In Search of a Risk-Free Asset
(first draft 2012; this revision May 13, 2018, under review)
[ Slides ] [ Replication code ] [ Appendix ]

Abstract:
To attract time deposits, more than 6,000 banks post their offer rates. I document a large cross-sectional dispersion, negative spreads over Treasuries, and upward rigid adjustments in these rates following federal funds rate increases. Estimates of an oligopoly model reveal a large fraction of high-search-cost and a small declining fraction of low-search-cost investors that can rationalize the observed pricing. Despite high intertemporal elasticity of substitution and technological innovations over the last two decades, the stable large fraction of high-search-cost depositors, mostly elderly households, grants banks significant monopoly power and allows for the sluggish pass-through of increases in the federal funds rate into deposit rates.

 
The Impact of Government Debt on the Convenience Yield of Default-Risk-Free Debt (first draft 2012)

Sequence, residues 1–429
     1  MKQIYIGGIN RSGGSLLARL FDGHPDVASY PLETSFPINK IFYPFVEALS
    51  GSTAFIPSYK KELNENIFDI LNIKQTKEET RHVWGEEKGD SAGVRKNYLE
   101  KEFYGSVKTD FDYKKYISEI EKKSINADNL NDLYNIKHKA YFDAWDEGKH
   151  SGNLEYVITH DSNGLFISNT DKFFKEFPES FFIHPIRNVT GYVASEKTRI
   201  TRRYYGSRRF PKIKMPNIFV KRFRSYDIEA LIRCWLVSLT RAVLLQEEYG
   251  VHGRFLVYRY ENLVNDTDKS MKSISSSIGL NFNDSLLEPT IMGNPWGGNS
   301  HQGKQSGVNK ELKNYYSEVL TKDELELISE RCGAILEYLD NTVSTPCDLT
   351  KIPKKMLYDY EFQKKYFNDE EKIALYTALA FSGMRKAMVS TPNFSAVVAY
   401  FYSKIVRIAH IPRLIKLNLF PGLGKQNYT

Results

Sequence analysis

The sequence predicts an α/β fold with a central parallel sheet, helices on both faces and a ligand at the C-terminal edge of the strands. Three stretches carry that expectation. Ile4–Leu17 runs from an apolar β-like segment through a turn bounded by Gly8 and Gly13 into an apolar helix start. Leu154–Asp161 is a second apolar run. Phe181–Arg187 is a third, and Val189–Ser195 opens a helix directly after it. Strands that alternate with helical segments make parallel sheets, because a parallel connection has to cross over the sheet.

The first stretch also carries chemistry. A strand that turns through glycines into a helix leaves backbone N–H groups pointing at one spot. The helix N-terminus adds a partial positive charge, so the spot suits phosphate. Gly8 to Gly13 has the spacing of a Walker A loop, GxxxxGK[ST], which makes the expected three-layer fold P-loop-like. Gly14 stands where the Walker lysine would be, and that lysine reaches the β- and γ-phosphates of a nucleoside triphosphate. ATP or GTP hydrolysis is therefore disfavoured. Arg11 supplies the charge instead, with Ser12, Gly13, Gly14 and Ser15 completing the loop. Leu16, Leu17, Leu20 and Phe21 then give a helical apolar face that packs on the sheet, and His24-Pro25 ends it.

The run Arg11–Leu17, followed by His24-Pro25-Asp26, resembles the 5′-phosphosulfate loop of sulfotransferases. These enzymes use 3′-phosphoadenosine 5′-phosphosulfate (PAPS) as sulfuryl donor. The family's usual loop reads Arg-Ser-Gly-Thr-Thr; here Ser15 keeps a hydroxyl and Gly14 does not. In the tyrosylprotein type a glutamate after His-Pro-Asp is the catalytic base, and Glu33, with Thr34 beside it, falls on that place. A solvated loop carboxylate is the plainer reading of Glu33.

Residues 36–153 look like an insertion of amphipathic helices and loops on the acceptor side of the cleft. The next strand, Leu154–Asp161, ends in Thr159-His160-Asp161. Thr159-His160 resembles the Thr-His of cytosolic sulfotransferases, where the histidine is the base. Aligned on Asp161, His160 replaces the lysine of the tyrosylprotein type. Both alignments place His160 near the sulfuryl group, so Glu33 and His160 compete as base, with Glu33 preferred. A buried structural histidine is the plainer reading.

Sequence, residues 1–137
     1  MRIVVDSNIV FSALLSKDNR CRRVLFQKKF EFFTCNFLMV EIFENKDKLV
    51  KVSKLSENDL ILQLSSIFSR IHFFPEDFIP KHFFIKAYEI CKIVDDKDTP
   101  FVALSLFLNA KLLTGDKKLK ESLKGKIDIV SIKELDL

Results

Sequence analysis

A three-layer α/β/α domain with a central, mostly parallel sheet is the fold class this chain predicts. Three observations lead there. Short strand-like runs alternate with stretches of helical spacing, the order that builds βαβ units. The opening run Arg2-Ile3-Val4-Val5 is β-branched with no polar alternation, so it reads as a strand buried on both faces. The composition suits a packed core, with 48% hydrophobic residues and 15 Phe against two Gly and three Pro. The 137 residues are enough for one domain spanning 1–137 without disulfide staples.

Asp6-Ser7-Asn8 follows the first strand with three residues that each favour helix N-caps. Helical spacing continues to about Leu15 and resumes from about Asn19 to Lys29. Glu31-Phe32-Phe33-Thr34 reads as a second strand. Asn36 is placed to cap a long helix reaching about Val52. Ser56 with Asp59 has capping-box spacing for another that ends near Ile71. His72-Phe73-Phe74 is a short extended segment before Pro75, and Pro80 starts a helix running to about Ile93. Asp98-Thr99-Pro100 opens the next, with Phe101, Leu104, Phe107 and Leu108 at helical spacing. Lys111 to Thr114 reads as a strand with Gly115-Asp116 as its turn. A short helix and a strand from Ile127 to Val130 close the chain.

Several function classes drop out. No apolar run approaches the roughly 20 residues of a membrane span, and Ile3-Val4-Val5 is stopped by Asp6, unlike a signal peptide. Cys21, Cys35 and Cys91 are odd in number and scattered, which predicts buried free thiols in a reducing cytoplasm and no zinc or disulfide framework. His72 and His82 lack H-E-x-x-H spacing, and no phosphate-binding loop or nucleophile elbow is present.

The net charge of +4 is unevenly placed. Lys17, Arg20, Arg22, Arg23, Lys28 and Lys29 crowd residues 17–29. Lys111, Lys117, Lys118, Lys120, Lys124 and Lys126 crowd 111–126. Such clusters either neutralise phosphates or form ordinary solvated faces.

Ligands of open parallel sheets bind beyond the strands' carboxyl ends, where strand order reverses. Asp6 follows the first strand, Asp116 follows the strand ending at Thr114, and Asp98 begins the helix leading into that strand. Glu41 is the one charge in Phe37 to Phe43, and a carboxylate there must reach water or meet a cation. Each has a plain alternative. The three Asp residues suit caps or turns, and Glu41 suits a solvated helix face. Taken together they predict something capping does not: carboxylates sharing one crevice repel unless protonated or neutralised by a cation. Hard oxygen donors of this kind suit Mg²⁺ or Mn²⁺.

[ Slides ] [ Replication code ]

Abstract:
A growing empirical literature documents that the quantity of privately held U.S. government debt affects the spreads on a wide range of fixed-income securities through determining the convenience premium placed on assets with varying degree of safety and liquidity. Shocks to the convenience premium, therefore, constitute an important source of disturbance to banks' relative cost of funds across insured and non-insured deposits. To the extent that one questions the validity of the aggregate correlations found in the literature, the liability side of FDIC insured commercial banks provides a unique laboratory for testing the impact of the public supply of safe and liquid assets on determining asset prices and allocations. Using a proprietary micro-level dataset of prices and quantities of insured and non-insured liabilities of the U.S. commercial banks, I document the heterogeneous response of banks with different capital structure in the pricing and funding choices across the two types of debt to changes in the level and maturity of government debt. The latter have larger impact on banks that have higher share of insured sources of funding. Overall, an increase in the level of government debt and shortening of its maturity have a contractionary effect on the banks' balance sheets pointing to a strong crowding out effect of government debt on the banking system capacity to attract cheap sources of funding in the form of deposits and hence its ability to extend loans.

 
Publications
 
Limited Deposit Insurance Coverage and Bank Competition (first draft 2014) [ Slides ] [Replication]
(joint with Oz Shy and Rune Stenbacka ) Journal of Banking and Finance, Volume 71, October 2016, Pages 95-108

Abstract: